07:12 If you make the diagnosis, these patients also require anti-adrenal antibodies as these antibodies are very important and may suggest that in the future she may have adrenal crises which can be life threatening. Let's now talk about counseling. This may not be actually question on your USMLE but it's important to note that many women described feeling emotionally devastated after a diagnosis of primary ovarian insufficiency. Essentially, most of these patients think they will never be able to become a mother which is not quite true but it is definitely more complicated.

    07:50 Therefore, as a provider, we have to schedule sufficient time to go over the medical and emotional impact of such a diagnosis. Okay, now let's talk about when it's time to refer these patients to a subspecialist. You may be a family medicine doctor or a pediatrician or OB/GYN. It's important to do some evaluation before these patients are referred. A karyotype is helpful in determining whether this patient may be a Turner Mosaic. A fragile X premutation screen is also helpful as this can be a cause of primary ovarian insufficiency. Adrenal antibodies are also helpful to the clinician that will see this patient as that can tell of an impending adrenal crisis. A pelvic ultrasound is also helpful as we can see if there are any follicles on the ovaries. A baseline DEXA will also be helpful to tell us if there is abnormal bone mineral density as you can sometimes see with osteopenia. This information is high yield and you will likely be tested about one of these evaluations.

    08:55 In terms of the etiology, most cases will have 46,XX karyotype. Unfortunately, 90% of these cases will not have a clear etiology identified and this is problematic and distressing for many patients.

    09:11 About 4% will have steroidogenic cell autoimmunity and this is a reason they don't make estrogen.

    09:19 About 14% of patients with familial POI will have a premutation to the FMR1 gene as opposed to 2% of women who have isolated POI. Let's now briefly review some of the syndromes that are associated with 46,XX POI. The most important here that I want to bring your attention to is fragile X associated disorders, the gene being FMR1. These patients usually have a family history of intellectual disability usually in males and some of their older relatives may be diagnosed with Parkinsonian-type syndromes that cause tremor and ataxia disorder. It's important to note that FMR1 is frequently tested on exams. Here you can see there are other diagnosis that can lead to 46,XX POI. Please download this at your convenience to review them. If you'd like more information, you can check out the genes on OMIM, which is a free database that will go over the presentation and genetics of each disease.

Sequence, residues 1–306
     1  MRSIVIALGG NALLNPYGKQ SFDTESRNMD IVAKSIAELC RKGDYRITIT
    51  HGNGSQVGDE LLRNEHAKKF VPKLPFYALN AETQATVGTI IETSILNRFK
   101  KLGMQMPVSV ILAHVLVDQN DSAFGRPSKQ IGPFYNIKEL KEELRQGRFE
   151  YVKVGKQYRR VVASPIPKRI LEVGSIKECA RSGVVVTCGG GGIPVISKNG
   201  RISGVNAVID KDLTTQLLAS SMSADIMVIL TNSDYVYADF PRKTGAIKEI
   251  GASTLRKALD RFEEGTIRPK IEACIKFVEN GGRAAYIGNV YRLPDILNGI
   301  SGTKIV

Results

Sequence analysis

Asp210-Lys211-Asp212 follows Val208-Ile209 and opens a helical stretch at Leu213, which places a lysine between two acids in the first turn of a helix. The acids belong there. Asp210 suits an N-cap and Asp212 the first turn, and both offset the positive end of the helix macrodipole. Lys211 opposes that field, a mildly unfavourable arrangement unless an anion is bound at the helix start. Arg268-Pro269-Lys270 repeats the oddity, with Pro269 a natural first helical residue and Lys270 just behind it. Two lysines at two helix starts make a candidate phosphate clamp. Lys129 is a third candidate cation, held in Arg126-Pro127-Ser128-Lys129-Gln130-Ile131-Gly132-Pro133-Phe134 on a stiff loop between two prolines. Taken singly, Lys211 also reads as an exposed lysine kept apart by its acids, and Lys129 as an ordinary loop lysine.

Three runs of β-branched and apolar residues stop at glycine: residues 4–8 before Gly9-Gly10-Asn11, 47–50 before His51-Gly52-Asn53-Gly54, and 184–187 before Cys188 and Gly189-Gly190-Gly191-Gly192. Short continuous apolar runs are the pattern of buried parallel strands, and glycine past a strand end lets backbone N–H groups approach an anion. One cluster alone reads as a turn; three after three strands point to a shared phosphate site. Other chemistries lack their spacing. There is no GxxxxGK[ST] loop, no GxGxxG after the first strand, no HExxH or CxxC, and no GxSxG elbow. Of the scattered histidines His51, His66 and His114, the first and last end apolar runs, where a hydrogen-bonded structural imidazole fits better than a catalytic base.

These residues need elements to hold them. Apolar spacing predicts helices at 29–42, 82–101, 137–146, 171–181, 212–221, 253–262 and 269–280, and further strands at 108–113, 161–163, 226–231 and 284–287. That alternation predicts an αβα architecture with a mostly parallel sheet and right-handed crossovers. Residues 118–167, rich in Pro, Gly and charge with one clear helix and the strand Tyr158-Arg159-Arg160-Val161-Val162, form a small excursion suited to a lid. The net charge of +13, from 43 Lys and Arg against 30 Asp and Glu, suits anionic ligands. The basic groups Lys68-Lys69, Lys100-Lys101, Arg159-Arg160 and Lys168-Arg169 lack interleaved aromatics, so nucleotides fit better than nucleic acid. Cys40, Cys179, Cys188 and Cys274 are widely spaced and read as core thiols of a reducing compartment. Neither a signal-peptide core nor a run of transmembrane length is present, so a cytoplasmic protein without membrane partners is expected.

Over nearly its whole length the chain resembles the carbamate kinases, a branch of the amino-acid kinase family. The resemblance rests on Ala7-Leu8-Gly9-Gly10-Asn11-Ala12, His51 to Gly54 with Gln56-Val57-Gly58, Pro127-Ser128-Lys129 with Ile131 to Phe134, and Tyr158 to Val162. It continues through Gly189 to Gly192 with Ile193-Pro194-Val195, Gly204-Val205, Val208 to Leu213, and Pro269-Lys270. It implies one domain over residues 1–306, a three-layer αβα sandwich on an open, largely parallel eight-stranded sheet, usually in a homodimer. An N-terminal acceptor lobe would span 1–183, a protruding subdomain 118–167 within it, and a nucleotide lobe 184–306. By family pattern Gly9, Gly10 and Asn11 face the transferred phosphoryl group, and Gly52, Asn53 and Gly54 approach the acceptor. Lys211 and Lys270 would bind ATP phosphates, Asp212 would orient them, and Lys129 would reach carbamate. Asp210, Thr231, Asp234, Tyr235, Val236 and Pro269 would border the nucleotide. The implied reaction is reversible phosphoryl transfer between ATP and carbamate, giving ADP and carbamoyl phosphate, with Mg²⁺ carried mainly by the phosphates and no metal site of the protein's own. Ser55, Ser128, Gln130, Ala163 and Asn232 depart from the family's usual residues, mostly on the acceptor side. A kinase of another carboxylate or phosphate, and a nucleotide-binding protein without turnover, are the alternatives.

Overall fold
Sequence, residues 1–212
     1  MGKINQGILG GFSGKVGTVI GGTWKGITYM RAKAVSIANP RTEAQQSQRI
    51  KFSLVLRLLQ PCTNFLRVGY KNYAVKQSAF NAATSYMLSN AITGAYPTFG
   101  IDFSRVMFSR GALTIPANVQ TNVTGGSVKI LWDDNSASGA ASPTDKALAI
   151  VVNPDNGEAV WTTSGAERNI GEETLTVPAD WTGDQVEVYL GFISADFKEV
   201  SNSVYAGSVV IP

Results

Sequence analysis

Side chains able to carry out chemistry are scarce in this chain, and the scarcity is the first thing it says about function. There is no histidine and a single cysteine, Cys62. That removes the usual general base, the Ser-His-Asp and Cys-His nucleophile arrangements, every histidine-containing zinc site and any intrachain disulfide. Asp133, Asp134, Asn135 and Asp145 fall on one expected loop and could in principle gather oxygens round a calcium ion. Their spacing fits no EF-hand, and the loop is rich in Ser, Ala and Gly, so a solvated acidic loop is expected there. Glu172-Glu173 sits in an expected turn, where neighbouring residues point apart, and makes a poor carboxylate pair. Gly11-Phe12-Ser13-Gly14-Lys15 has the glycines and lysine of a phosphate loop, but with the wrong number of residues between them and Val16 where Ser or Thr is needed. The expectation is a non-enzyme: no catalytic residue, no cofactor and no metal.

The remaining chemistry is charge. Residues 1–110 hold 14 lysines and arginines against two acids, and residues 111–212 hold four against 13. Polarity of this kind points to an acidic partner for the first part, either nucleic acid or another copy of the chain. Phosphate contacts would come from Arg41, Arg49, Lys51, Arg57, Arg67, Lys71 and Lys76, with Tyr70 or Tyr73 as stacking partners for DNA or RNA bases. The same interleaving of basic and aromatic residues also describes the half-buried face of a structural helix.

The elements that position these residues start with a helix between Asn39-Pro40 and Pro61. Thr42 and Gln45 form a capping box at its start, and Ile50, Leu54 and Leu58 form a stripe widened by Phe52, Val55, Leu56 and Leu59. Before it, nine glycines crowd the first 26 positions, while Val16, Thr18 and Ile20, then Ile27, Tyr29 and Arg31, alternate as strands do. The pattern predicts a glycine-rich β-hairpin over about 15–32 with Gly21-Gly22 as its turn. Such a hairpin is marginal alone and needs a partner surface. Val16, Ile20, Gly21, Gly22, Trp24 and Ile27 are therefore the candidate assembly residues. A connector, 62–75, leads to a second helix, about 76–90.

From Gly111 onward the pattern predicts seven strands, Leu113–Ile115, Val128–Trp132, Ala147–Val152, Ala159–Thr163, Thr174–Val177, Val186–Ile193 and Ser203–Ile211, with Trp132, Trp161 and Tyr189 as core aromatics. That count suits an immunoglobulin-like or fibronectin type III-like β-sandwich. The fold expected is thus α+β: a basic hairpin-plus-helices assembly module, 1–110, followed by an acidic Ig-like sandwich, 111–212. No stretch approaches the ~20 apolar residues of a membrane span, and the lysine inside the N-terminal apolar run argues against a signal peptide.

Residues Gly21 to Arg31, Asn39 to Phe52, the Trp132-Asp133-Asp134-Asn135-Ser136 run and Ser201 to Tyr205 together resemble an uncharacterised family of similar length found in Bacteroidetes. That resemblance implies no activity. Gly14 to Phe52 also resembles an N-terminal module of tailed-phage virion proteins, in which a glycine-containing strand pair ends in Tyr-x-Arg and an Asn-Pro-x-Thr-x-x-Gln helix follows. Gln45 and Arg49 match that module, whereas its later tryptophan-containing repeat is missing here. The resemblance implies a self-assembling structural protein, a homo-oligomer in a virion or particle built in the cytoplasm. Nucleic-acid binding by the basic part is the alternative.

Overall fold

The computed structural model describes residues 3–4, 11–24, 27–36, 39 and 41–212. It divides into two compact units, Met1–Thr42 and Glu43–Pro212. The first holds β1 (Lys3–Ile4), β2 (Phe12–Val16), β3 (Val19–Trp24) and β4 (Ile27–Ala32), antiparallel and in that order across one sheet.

About the Lecture

    The lecture Primary Ovarian Insufficiency (POI) by Lynae Brayboy, MD is from the course Abnormal menstruation. It contains the following chapters:

    • Primary Ovarian Insufficiency
    • Case: Typical Presentation
    • POI: Evaluation

    Included Quiz Questions

    1. Dysmenorrhoea
    2. Hot flashes
    3. Vaginal dryness
    4. Dyspareunia
    5. Sleep disturbances
    1. Myasthenia gravis
    2. Serous cystadenocarcinoma
    3. Brunner tumor
    4. Polycystic disease of ovary
    5. Teratoma
    1. Almost 90% of the etiology can be detected.
    2. Many women with primary ovarian insufficiency have steroidogenic cell autoimmunity.
    3. Women with familial primary ovarian insufficiency have permutation in FMR1 gene.
    4. Most cases with primary ovarian insufficiency have 46 XX karyotype with secondary amenorrhoea.
    5. Rheumatoid arthritis is associated with primary ovarian insufficiency.
    1. All the options are helpful to perform before referral
    2. Karyotype
    3. FMR permutation screen
    4. Adrenal antibodies
    5. Pelvic ultrasound
    1. To check for follicles
    2. To rule out benign disease in association
    3. To rule out malignant ovarian disease in association
    4. To provide accurate diagnosis of primary ovarian insufficiency
    5. To check for the prognosis of the disease
    1. AIRE
    2. FMR
    3. CYP17A1
    4. GALT
    5. FOXL2
    1. Congenital adrenal hyperplasia due to hydroxylase deficiency
    2. Autoimmune polyendocrine syndrome 2
    3. Autoimmune polyendocrine syndrome 1
    4. Lipoid congenital adrenal hyperplasia
    5. Fragile X associated disorders
    1. GALT
    2. FOXL2
    3. POLG
    4. PMM2
    5. CYP17A1
    1. Fanconi anemia - FA Ataxia telangiectasia - ATM Bloom's syndrome -BLM Werner's syndrome - WRN Galactosemia -GALT
    2. Fanconi anemia - GALT Ataxia telangiectasia - FA Bloom's syndrome -ATM Werner's syndrome - BLM Galactosemia -WRN
    3. Fanconi anemia - WRN Ataxia telangiectasia - GALT Bloom's syndrome -FA Werner's syndrome - ATM Galactosemia -BLM
    4. Fanconi anemia -BLM Ataxia telangiectasia - WRN Bloom's syndrome -GALT Werner's syndrome - FA Galactosemia -ATM
    5. Fanconi anemia - ATM Ataxia telangiectasia - BLM Bloom's syndrome -WRN Werner's syndrome - GALT Galactosemia -FA
    1. FA
    2. GALT
    3. BLM
    4. WRN
    5. ATM
    1. Congenital disorder of glycosylation, type 1A
    2. Galactosemia
    3. Fanconi anemia
    4. Werner syndrome
    5. Bloom syndrome

    Author of lecture Primary Ovarian Insufficiency (POI)

     Lynae Brayboy, MD

    Lynae Brayboy, MD